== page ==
|Sep 21, 2008, 05:11 PM|
Joined Apr 2007
Converting the Baby Birdie to electric
Look what appeared under the pile of old model airplanes up in my parents' attic! A well preserved Baby Birdie! It's just begging to be electrified.
Besides I crashed the Blade Dancer EPP plane and broke the fuselage in half. It's an easy fix, but I'm sort of fed up with it for now.
A small storage damadge is to my advantage: the rudder is broken off. I'm going to make it into a 4 channel control anyway, it's possible with the new micro R/C gear.
The NewPower Booster 10 outrunner from the Blade Dancer should be perfect for the Baby Birdie. Out comes the old fuel tank and the Tee Dee. The Tee Dee is like a regular, front induction engine with side mounting pads and a separate fuel tank, not a one piece, rear induction unit like the famous Baby Bee. It's mounted on a tiny nylon engine mount. The Tee Dee came off easily, but the engine mount is glued and attached to the firewall with 4 M3 bolts. It was definitely not made to come off again. I'll have to think about that for a while. The Booster 10 motor has a rear mount, but is considerably shorter than the Tee Dee. It's perhaps easiest to make a new firewall in front of the original one.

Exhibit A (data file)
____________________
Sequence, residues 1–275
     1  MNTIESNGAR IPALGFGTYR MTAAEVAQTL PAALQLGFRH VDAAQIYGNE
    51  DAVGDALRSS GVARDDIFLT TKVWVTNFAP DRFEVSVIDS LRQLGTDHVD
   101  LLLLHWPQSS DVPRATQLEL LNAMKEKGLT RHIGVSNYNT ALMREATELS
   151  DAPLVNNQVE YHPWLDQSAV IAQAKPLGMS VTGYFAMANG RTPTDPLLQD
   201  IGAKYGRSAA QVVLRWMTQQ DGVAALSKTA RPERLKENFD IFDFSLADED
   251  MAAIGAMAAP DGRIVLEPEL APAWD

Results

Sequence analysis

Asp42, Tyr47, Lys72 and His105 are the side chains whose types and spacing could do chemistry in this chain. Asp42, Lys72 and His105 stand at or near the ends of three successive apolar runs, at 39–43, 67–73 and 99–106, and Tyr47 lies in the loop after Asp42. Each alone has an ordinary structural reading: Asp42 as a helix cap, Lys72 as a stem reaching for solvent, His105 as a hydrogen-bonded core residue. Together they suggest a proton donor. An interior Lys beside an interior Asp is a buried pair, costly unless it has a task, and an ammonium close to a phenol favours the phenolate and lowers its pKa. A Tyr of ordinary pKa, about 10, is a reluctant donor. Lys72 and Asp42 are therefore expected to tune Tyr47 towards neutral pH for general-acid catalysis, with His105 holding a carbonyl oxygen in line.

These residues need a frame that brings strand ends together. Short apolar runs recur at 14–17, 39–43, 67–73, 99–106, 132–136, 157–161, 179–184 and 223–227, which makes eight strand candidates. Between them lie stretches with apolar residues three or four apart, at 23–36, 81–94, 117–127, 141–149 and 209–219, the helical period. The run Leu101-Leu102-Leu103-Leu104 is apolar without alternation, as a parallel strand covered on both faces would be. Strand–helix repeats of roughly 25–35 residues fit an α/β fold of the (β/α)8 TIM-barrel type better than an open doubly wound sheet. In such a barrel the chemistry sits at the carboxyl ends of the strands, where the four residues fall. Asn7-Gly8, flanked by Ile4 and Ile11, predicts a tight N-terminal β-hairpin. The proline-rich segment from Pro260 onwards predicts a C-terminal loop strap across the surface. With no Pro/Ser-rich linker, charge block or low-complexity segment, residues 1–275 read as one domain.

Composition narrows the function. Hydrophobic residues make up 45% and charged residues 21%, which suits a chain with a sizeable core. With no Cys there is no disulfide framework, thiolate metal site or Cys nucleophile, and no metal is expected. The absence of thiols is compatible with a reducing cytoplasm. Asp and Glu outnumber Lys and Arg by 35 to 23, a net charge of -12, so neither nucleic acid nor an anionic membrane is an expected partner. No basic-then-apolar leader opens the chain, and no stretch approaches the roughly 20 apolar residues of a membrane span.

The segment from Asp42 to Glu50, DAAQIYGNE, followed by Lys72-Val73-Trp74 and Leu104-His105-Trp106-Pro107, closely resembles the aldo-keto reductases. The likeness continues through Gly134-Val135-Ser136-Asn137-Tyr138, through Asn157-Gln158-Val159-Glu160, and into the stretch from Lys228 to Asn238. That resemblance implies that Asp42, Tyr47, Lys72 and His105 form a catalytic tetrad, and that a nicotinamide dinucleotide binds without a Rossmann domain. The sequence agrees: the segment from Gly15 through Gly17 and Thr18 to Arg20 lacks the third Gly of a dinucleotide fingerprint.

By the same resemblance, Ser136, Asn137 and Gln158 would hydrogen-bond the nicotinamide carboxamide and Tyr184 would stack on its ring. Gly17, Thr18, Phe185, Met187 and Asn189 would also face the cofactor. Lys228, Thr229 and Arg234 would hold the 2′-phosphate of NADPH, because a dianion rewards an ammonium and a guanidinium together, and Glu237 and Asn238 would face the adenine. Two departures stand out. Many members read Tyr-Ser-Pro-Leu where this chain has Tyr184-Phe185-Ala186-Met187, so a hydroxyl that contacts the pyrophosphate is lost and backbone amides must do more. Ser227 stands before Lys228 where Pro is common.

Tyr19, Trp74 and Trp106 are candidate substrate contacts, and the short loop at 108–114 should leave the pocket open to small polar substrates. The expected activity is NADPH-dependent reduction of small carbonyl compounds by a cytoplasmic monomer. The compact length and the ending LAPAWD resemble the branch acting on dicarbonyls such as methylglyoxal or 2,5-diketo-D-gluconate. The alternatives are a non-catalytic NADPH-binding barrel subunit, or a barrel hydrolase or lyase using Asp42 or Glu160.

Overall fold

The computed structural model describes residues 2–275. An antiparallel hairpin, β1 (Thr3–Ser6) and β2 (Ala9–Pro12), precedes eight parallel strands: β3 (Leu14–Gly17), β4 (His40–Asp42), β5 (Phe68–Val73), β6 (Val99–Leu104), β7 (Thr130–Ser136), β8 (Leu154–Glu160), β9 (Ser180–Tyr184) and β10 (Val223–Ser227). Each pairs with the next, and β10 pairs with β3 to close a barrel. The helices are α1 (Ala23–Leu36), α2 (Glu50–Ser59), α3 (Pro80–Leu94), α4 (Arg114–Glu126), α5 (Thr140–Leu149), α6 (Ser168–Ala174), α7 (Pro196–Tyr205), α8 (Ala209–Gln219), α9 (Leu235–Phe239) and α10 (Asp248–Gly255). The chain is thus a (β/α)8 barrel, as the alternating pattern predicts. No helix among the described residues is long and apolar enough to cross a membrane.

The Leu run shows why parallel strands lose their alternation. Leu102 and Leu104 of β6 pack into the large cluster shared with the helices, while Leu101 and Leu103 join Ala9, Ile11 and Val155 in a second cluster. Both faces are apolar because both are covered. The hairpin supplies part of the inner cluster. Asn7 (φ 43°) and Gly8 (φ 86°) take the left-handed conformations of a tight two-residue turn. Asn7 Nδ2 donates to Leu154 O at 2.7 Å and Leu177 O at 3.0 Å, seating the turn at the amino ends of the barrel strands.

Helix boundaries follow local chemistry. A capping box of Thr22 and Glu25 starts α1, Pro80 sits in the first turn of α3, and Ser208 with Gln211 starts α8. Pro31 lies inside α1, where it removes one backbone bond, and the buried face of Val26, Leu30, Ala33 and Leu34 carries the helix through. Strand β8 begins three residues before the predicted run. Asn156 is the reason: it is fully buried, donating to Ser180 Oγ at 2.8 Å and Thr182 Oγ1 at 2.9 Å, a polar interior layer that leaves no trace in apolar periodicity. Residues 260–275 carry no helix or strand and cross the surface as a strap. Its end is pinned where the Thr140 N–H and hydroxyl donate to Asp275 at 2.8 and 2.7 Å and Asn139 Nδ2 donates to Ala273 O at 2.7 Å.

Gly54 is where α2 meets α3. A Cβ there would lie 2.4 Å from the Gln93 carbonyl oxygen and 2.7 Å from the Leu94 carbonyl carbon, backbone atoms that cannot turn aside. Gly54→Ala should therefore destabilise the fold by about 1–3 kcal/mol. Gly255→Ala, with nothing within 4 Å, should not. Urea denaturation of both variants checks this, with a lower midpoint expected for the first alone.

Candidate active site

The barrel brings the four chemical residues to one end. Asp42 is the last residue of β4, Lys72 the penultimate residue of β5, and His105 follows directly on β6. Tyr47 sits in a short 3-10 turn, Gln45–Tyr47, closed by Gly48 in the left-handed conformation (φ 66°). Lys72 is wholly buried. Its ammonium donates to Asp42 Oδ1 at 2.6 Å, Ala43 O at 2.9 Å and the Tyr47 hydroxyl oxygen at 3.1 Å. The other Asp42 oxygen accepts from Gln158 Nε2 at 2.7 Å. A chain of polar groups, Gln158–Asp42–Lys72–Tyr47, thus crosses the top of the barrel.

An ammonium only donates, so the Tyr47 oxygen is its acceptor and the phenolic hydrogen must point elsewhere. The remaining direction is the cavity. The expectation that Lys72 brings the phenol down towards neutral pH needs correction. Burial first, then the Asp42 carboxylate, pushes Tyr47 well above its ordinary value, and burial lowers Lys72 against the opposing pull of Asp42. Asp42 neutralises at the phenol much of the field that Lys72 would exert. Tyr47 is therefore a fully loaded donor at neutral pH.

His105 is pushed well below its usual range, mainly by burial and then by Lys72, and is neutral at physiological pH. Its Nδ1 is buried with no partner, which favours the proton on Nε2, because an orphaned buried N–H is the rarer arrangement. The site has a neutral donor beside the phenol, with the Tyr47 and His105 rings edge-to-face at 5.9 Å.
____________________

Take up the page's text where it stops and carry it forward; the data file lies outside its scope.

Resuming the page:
The wing and fuselage are held together in the usual method in those days; transverse dowels through the fuselage and rubber bands. That is something I'm not going to change. I think I'll have to remove the wing to change the battery because there is no fuel tank cover. I think it would weaken the structure too much if I make a battery cover.
The rudder is visible in the upper, left hand corner in the photo of the radio compartment. The shape was given by the grain direction of the original design; the vertical stab and rudder having vertical grain except the top, which has horizontal grain. A genious way to stiffen an otherwise thin and flimsy vertical stab.
28September2008: Removed the old engine mount today. Had to drill the bolt heads off. For easier access I cut off the foremost bulkhead. I might leave it off to get more cooling air to the outrunner. That's more important to me than a stream lined look with a spinner and so on. The ESC fits in the space between the original firewall and the new one. The former tank compartment can hold a big battery, plenty of room there. The CG looks about right, too. Will fine tune it while installing the elevator and rudder servos. To keep the weight low I'll initially use a Graupner 3S/800mAh battery. There is room for a Samsung 3S/1300mAh if I change the configuration from side-by-side to triangular. The Samsung battery is twice as heavy as the Graupner one, it might be wise to install the battery close to the CG to avoid that the choice of battery affects the position of the CG.
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